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Author: Subject: Nitrating Isopropyl Alcohol
SimpleChemist-238
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sad.gif posted on 1-6-2015 at 18:39
Nitrating Isopropyl Alcohol


I wanted to try to safely nitrate isotropy alcohol.
I was playing around with the idea and with my ventilation on I slowly add nitric acid to a reflux setup containing room temp sulfuric acid and isotropy alcohol. Very very slowly, around a drop every 30 seconds I let the nitric acid react. The reaction was still too violent to control. It scarred me just how violent it was. Plumes of NO2 flying out of the condenser and lots of heat. I recovered my acid from the pressure funnel and stopped the reaction. Not some thing I will trying again for a few months. I have seen the videos on the net and was hoping to control it. It may not be a bad test for nitric acid concentration.




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byko3y
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[*] posted on 2-6-2015 at 04:36


What procedure did you use?
"When it comes time to mix Solution A with Solution B, don't just dump the two together as Drone's notes may have inferred. Doing so will release a quite impressive orange/red mushroom cloud that will send you running for cover. Instead, add B to A SLOWLY!", where solution A is sodium nitrite in water and solution B is isopropyl alcohol in dilluted sulfuric acid.
The fumes of NO2 are okay, until it's too much of them. Also, you should add the IPA-H2SO4 solution to the bottom of HNO2 solution, because otherwise a local drop of ph will decompose the HNO2 on the surface, leading to more NO+NO2 fumes.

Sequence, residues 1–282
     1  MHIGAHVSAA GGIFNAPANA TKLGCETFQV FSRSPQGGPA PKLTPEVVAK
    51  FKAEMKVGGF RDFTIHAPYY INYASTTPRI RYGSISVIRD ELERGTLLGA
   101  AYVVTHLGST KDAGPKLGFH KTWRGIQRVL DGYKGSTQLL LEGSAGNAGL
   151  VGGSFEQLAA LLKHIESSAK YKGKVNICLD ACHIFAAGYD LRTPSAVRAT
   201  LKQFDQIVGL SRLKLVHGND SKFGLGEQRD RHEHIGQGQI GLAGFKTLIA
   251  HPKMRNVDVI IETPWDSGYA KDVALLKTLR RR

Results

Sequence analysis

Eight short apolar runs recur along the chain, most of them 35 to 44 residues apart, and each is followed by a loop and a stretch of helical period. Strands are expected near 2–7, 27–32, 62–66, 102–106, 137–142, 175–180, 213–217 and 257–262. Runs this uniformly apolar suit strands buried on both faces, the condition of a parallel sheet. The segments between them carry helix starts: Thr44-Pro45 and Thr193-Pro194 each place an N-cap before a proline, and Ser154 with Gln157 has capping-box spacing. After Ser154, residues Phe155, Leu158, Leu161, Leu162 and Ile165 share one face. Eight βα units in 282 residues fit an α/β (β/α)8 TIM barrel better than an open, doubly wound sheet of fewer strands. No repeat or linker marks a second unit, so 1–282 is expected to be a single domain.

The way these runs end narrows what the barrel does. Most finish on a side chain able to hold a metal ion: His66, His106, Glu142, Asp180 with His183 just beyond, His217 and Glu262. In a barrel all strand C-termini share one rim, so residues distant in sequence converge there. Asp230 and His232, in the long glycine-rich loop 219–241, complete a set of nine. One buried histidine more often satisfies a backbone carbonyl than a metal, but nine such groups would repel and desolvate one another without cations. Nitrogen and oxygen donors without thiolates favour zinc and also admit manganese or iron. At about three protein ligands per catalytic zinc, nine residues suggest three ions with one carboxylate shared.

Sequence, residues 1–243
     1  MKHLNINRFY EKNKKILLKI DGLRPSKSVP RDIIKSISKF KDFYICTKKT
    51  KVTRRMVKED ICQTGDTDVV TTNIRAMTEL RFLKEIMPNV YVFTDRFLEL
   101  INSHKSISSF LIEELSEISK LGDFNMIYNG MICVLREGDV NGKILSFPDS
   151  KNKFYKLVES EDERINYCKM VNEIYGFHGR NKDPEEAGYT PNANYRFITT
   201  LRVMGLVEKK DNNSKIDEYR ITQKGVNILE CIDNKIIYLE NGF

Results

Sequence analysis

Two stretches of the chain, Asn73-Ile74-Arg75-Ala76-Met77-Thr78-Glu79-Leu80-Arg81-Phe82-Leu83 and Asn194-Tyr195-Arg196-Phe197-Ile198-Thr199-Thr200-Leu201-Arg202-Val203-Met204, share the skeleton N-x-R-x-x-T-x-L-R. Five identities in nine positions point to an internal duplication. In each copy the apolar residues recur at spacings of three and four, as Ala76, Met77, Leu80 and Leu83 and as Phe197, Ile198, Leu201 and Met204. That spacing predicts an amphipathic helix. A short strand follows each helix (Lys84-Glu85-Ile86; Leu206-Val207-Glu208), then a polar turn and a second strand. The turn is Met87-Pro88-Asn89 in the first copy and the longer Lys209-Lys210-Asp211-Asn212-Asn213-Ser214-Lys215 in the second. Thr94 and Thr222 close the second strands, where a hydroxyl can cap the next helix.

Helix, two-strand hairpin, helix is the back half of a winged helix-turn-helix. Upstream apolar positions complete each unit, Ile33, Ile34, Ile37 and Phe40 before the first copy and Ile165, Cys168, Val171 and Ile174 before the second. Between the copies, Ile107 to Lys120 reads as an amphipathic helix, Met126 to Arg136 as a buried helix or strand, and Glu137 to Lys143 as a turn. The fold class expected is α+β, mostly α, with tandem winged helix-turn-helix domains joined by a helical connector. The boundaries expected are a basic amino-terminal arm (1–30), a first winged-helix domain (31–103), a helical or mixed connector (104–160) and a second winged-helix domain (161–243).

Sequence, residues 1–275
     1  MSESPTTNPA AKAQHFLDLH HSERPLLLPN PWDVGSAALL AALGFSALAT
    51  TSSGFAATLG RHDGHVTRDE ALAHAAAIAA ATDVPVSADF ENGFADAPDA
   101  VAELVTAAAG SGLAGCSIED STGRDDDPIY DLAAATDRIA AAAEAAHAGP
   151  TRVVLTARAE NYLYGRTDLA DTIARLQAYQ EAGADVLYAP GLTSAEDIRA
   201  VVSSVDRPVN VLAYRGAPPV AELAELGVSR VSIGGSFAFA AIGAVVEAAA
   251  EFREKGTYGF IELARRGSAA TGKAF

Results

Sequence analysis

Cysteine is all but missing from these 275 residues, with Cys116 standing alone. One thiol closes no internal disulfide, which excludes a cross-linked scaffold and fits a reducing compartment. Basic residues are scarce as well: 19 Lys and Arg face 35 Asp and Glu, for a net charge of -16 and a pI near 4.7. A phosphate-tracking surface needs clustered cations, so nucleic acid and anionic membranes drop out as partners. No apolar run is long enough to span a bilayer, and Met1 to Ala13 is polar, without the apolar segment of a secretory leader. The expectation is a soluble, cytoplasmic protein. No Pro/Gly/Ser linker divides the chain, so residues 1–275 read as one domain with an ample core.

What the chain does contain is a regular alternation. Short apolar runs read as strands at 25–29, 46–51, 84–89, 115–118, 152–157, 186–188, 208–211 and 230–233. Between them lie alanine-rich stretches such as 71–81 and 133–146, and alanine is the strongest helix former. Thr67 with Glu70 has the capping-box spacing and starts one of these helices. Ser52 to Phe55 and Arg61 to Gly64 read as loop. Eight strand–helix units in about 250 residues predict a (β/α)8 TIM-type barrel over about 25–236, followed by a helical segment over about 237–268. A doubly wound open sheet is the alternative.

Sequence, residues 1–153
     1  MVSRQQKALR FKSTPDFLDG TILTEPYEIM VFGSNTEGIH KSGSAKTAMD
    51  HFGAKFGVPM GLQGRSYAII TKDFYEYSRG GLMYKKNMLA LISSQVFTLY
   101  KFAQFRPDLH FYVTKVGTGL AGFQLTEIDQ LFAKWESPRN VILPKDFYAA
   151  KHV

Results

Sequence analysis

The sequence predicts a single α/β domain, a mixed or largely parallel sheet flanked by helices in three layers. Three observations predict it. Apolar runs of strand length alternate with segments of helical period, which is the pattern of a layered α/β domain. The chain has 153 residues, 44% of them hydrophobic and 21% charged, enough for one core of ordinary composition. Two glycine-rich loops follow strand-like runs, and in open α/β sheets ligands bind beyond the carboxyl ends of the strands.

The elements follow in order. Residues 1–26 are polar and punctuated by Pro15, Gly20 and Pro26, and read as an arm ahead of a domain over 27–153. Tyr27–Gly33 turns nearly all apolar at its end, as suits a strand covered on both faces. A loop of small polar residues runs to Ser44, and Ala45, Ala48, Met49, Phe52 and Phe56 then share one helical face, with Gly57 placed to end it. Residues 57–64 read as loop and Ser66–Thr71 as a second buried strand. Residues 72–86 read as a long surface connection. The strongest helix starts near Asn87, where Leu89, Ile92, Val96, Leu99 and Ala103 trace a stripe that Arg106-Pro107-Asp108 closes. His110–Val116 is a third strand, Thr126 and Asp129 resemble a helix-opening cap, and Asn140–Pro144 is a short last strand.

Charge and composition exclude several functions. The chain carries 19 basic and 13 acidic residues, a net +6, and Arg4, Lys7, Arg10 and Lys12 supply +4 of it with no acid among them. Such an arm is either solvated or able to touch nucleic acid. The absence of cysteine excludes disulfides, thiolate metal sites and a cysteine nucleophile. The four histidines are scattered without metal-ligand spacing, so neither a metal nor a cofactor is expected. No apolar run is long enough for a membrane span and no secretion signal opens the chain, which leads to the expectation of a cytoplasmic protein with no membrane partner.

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Amos
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[*] posted on 2-6-2015 at 04:56


Quote: Originally posted by byko3y  
What procedure did you use?
"When it comes time to mix Solution A with Solution B, don't just dump the two together as Drone's notes may have inferred. Doing so will release a quite impressive orange/red mushroom cloud that will send you running for cover. Instead, add B to A SLOWLY!", where solution A is sodium nitrite in water and solution B is isopropyl alcohol in dilluted sulfuric acid.
The fumes of NO2 are okay, until it's too much of them. Also, you should add the IPA-H2SO4 solution to the bottom of HNO2 solution, because otherwise a local drop of ph will decompose the HNO2 on the surface, leading to more NO+NO2 fumes.


You really should read the actual post. No one said anything about using nitrites; the OP is attempting to NITRATE isopropyl alcohol, not produce isopropyl nitrite.




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SimpleChemist-238
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[*] posted on 2-6-2015 at 05:12